Designing a World Premiere: Madness, Rack, and Honey

       When Smuin’s newest original work, a “rollicking” contemporary piece from Garrett Ammon, premiered on September 29, 2016, audiences witnessed a poetic inclination that Smuin dancers quickly morphed into “an infectious good time.” Brimming with tongue-in-cheek enthusiasm, this world premiere offers a unique insight into Ammon’s creative process.

       Inspired by the poet Mary Ruefle’s collection of lectures by the same name, Madness, Rack, and Honey melds Ammon’s personal love of the written word with dance. He notes that “language, and in particular poetry, has many parallels with dance, in the way you express ideas [metaphorically].”

       Adamant that the new ballet exist in a spectrum of grey tones, Ammon’s color palette mimics the poetic meaning one finds when reading between the lines. “We exist in a world where black and white, or words on paper,” are the “base of what we’re talking about.” Ammon reaches to explore “the idea of paper and ink merging:” a grey area that translates itself into the tone of the whole work.

Photo: Terez Dean

       Developing a world premiere for the stage is often a collaborative process between several designers, and creating original costumes is no exception. Choreographers often rely on visuals from a fashion runway, or fabric swatches to begin a dialogue with the creative team. Costume designers sometimes observe rehearsals to enhance their grasp of the piece, as well as the choreographer’s artistic vision.

       Designing costumes for a physically-demanding, movement-based art form presents unique challenges. Choreography involving complex partnering and inventive floorwork can have a great impact on a garment’s structure. Costumes must also complement the aesthetic of the piece, adding their own artistic element while remaining fully functional. Luckily, modern fabrics such as stretchy Lycra blends allow dancers to don amazing patterns without restricting mobility.

       In Madness, Rack, and Honey, Cassandra Carpenter’s standout designs mimic the structure and sumptuous feel of couture pieces, but with the functionality of traditional leotards and tights. Initially, the costumes drew inspiration from the fashion houses of Vivienne Westwood, Alexander McQueen, and Dries van Noten, with a dash of “Victorian insanity,” as Ammon jokingly comments. Carpenter’s creations are rich with whimsical details; borrowing voluminous skirts from Vivienne Westwood, while blending patterns and textures not unlike Dries van Noten, throwing in ruching, ruffles, lace, and even feathers!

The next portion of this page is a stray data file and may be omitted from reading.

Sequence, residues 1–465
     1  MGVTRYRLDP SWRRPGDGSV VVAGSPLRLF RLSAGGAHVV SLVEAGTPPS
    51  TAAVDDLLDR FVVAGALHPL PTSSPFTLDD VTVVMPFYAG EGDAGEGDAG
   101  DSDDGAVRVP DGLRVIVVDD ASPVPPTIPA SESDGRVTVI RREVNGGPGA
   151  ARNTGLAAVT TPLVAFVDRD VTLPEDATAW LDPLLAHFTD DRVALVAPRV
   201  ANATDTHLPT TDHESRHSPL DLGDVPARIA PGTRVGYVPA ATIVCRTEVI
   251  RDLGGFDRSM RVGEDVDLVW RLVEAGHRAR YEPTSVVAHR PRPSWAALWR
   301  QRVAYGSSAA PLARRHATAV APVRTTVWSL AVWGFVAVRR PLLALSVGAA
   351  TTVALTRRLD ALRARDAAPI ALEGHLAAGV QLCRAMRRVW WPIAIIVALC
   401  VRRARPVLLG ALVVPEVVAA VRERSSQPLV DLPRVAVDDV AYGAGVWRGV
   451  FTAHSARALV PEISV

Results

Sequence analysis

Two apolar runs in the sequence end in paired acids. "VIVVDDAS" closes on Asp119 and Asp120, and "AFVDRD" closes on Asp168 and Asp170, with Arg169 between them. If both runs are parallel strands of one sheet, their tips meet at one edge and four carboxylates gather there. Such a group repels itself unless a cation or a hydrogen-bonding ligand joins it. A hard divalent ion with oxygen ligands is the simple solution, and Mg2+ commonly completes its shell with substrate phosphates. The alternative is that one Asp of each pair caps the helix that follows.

The thematic, and occasionally literal, interpretation of the piece’s namesake, Madness, Rack, and Honey, manifests itself visually in the costumes. Each dancer sports a completely unique creation. Ammon remarks that some detailing on the costumes “leans toward the rack… the torture” that comes with creating new artistic works, as touched on in Ruefle’s lectures. Linear details hint at this severe structure in a dancer’s version of a pantsuit with suspenders, whereas the “madness” can be found in the eccentric layers and patterns in the women’s billowing dresses.

       Why are these carefully crafted designs paired with “rollicking” about onstage? As per the program notes, Ammon says “with a relative degree of certainty […] the meaning of any of this will remain frustratingly elusive.” Whether his statement refers to the meaning behind the steps, the vivid lighting, or the costumes, audiences will have to discover this for themselves.

Interested in learning more about Garrett Ammon’s world premiere for Smuin? Read about his creative process here. Join us for Madness, Rack, and Honey and other thought-provoking works in Smuin’s Dance Series 01, opening March 02-05 at Mountain View Center for the Performing Arts, and March 24-25 at Carmel’s Sunset Center. Purchase your tickets today.

** Written by Eva Faizi, Smuin’s Communications Manager


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